Wednesday, July 27, 2011

What Does it Mean to Love God?

Love of God leads to participation in the justice and generosity of God towards others. Loving God requires an interior freedom from all possessions and all material goods: the love of God is revealed in responsibility for others… Christ died for all. To live for him means allowing oneself to be drawn into his being for others.
Spe Salvi 28

Reflection – This brief passage, which is from a paragraph of the encyclical that I’ve already blogged about, is a succinct little teaching on love of God and neighbor. To love God – what does that mean, anyhow? It’s not the same thing, exactly, as love of neighbor. My neighbor has needs; God doesn’t. My neighbor is visible; God isn’t. What is this love of God?
To love is to want what your beloved wants, so far as it is truly good. To love God is to want everything God wants, since He is Goodness Itself. To love God, then, is to obey God. To love someone is to desire to be with them, to be one with them. To love God is to want to be with Him, to be one with Him. To love God, then, is to worship God, to come into His presence and unite ourselves to Him by our total gift of ourselves to Him (which can only happen by his gracious gift).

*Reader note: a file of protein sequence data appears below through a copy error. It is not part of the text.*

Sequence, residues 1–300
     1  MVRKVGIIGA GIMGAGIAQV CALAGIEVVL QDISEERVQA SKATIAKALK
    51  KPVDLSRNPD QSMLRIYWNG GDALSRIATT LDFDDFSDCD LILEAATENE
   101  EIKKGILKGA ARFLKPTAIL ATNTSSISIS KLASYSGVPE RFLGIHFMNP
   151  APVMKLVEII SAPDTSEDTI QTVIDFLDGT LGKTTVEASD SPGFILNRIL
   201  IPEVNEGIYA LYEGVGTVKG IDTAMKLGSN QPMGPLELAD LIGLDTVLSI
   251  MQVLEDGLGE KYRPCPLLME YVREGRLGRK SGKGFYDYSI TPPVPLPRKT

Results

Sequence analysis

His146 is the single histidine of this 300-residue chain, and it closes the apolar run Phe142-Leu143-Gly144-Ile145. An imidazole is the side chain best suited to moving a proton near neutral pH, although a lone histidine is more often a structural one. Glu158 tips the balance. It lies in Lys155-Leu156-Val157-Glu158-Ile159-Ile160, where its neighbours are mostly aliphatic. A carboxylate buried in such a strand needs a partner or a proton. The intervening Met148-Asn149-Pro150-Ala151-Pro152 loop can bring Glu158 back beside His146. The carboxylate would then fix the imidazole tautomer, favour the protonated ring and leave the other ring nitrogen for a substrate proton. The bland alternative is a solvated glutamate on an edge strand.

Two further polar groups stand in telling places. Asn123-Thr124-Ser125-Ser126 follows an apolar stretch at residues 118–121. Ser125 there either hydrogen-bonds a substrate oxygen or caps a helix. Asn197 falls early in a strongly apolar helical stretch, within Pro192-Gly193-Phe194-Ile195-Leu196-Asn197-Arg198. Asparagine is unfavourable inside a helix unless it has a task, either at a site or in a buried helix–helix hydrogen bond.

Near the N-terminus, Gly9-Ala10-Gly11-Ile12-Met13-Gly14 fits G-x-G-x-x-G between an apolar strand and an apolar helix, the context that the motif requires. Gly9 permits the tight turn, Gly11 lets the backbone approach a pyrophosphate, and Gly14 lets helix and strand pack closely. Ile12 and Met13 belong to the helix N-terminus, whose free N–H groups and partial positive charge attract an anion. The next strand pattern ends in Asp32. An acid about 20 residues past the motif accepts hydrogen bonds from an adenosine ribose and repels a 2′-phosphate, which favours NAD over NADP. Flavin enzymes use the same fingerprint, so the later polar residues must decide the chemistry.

But this unity and love ushers us into truly living with God. This obedience ushers us into truly living as God lives, and this is the life of love of neighbor. To care for God above all means caring relatively little, if at all, for material goods. To live with God is to share in his life, and his life is most clearly seen in the life and death of Jesus, a pattern and substantial reality of life and death made available to us because he rose from the dead, ascended to the Father, and sent his Holy Spirit into our hearts.
Love of God means putting ourselves at his disposal, and his disposal of us is to pour ourselves out daily in love of one another. And this is the whole structure of Christian ethical life: total surrender to God in love leading to total gift of ourselves to the other, regardless of who they are and how we ‘feel’ about them, a dynamic of love, surrender, and gift made possible to us by our faith and union with Jesus Christ. That’s the Gospel.

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